How we implemented multi-tenancy in our Node.js App

We started our application as a single tenant application. This is how the basic digram would look like.

Single tenant application

Now we had to make this application multi-tenant. We considered the following options

Option 1: Physical separation of data

Multi-Tenancy with DB Connector Service

In this scenario, we would write a new micro service (or with the current app) which would parse the incoming request and based on the tenant information passed along, will decide which database to connect to.

Option 2: Logical separation of data

Multi-tenancy with logical separation of data

In this scenario, there is just one single database, and all the responsibilities lies within our app for all the CRUD operations.

We decided to go with Option 2 because of the following reasons:

The obvious problem that we see with Option 2 is that its far easier to make mistakes and introduce bugs into the system as every request have to query the right set of rows and not mix up. This may seem like a lot of work but its not. Here’s how:

Step 1: Write a migration to create a field called `tenant_id` to the tables which you want to be multi-tenant. We are using db-migrate to manage our migrations. Here is a sample migration

const async = require(‘async’);
const columnName = ‘tenant_id’;
const columnSpec = {
type: ‘int’,
};
exports.up = function (db, callback) {
async.series([
db.addColumn.bind(db, ‘table1’, columnName, columnSpec),
db.addColumn.bind(db, ‘table2’, columnName, columnSpec),
db.addColumn.bind(db, ‘table3’, columnName, columnSpec)
], callback);exports.down = function (db, callback) {
async.series([
db.removeColumn.bind(db, ‘table1’, columnName),
db.removeColumn.bind(db, ‘table2’, columnName),
db.removeColumn.bind(db, ‘table3’, columnName)
], callback);

Don’t forget to add indexes as they will always be queried upon.

Step 2: Next we want to make sure all our Sequalize models use tenant_id and make it transparent to all the developers working on the project.

This is where scope comes in specially defaultScope.

Lets say your old model looks like this

const a2 = sequelize.define(‘users’, {
id: {type: Sequelize.INTEGER, primaryKey: true, autoIncrement: true, unsigned: true},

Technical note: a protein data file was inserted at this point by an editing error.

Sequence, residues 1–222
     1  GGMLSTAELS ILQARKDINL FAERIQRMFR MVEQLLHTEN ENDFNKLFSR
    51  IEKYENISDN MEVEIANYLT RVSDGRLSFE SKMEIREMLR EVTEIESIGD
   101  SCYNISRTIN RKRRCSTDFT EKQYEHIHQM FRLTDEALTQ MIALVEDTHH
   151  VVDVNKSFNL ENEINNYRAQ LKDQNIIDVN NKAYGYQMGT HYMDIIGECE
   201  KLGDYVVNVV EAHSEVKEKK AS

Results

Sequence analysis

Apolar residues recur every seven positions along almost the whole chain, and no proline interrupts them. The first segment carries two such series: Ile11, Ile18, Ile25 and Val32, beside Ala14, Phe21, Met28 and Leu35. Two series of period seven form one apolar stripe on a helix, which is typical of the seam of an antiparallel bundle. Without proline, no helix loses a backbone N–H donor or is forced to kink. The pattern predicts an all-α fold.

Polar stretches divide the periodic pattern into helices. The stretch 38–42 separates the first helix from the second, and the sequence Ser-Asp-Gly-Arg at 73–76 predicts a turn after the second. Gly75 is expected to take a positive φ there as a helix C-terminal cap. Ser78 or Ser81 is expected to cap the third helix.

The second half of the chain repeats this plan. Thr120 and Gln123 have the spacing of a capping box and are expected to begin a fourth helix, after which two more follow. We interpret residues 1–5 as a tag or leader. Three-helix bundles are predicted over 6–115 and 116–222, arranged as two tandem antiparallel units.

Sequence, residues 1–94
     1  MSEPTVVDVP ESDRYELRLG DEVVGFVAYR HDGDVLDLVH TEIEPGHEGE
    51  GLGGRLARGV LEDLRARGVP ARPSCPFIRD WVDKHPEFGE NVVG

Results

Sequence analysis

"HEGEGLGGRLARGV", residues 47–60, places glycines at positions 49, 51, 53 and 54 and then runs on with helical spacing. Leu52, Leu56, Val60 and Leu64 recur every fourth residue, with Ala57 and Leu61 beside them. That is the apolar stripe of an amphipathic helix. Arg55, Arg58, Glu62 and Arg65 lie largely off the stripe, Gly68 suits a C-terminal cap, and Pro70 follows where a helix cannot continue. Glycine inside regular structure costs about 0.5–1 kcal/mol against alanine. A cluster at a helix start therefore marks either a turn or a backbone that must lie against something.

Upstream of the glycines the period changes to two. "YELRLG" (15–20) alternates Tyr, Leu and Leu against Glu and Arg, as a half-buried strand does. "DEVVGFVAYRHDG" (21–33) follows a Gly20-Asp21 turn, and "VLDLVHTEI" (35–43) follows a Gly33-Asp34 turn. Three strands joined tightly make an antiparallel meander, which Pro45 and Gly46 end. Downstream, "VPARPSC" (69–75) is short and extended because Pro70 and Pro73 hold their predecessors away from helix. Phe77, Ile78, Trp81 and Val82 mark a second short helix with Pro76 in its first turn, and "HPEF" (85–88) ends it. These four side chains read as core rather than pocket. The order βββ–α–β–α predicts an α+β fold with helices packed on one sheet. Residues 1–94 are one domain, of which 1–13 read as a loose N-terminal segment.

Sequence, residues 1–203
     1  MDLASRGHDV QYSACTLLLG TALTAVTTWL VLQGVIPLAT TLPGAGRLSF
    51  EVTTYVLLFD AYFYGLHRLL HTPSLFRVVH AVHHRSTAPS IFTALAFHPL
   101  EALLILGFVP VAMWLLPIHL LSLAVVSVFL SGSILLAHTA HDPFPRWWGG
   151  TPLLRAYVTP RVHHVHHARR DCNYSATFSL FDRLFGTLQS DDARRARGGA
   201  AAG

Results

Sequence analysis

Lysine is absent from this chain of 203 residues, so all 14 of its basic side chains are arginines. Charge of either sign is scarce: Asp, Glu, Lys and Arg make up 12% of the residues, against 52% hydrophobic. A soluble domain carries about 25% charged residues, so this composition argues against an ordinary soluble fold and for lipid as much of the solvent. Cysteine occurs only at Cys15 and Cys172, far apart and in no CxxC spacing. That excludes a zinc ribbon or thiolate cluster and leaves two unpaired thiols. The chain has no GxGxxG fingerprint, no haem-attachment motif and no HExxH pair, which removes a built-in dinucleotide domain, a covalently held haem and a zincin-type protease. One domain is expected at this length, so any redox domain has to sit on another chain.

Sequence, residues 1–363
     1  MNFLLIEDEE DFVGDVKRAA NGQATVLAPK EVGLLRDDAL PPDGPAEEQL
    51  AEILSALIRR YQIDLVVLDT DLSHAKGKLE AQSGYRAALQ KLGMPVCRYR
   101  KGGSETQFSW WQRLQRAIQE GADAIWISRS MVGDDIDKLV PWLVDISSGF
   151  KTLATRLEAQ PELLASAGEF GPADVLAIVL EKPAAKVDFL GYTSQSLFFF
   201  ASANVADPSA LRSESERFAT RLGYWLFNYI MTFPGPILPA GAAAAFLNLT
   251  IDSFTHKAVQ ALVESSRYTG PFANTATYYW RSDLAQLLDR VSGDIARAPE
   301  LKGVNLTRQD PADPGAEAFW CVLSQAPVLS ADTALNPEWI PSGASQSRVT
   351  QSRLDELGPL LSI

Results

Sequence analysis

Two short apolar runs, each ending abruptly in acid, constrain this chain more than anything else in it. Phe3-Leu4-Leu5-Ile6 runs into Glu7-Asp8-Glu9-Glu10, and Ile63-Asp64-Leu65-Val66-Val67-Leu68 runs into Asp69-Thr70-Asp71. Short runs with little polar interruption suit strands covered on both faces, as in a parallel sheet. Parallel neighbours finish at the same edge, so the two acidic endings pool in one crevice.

username: Sequelize.STRING(50),
email: Sequelize.STRING(50),
});

And new one would look like this

const a2 = sequelize.define(‘users’, {
id: {type: Sequelize.INTEGER, primaryKey: true, autoIncrement: true, unsigned: true},
username: Sequelize.STRING(50),
email: Sequelize.STRING(50),
tenant_id: Sequelize.INTEGER,
}, {
defaultScope: {
where: {
tenant_id: tenantId,
// tenantId is passed to the function which initializes the object and this is the only way to create an object within the app
},
},
});

What we have done here is added a defaultScope to the model and passed a tenantID variable to object creation function. Now every time we create an object with a valid tenantId, we do not have to worry about the querying on the right tenant as this is in the default scope.

Step 3: Scopes apply to

.find, .findAll, .count, .update and .destroy.

We still have to worry about the new inserts. For inserts we use hooks. Adding 3 lines of code, does the trick

users.hook(‘beforeValidate’, function (model) {
model.tenant_id = tenantId;
});

So, this is how the full model/dao looks like

const initializeUsers = function (tenantId) {
const users = sequelize.define(‘users’, {
id: {type: Sequelize.INTEGER, primaryKey: true, autoIncrement: true, unsigned: true},
username: Sequelize.STRING(50),
email: Sequelize.STRING(50),
tenant_id: Sequelize.INTEGER,
}, {
defaultScope: {
where: {
tenant_id: tenantId,
},
},
});
users.hook(‘beforeValidate’, function (model) {
model.tenant_id = tenantId;
});
return users;
};
module.exports = initializeUsers;

Senior Staff Engineer @freshworks. Ex-McKinsey/Microsoft/Slideshare/SAP, Tech Enthusiast, Passionate about India. Opinions are mine

Senior Staff Engineer @freshworks. Ex-McKinsey/Microsoft/Slideshare/SAP, Tech Enthusiast, Passionate about India. Opinions are mine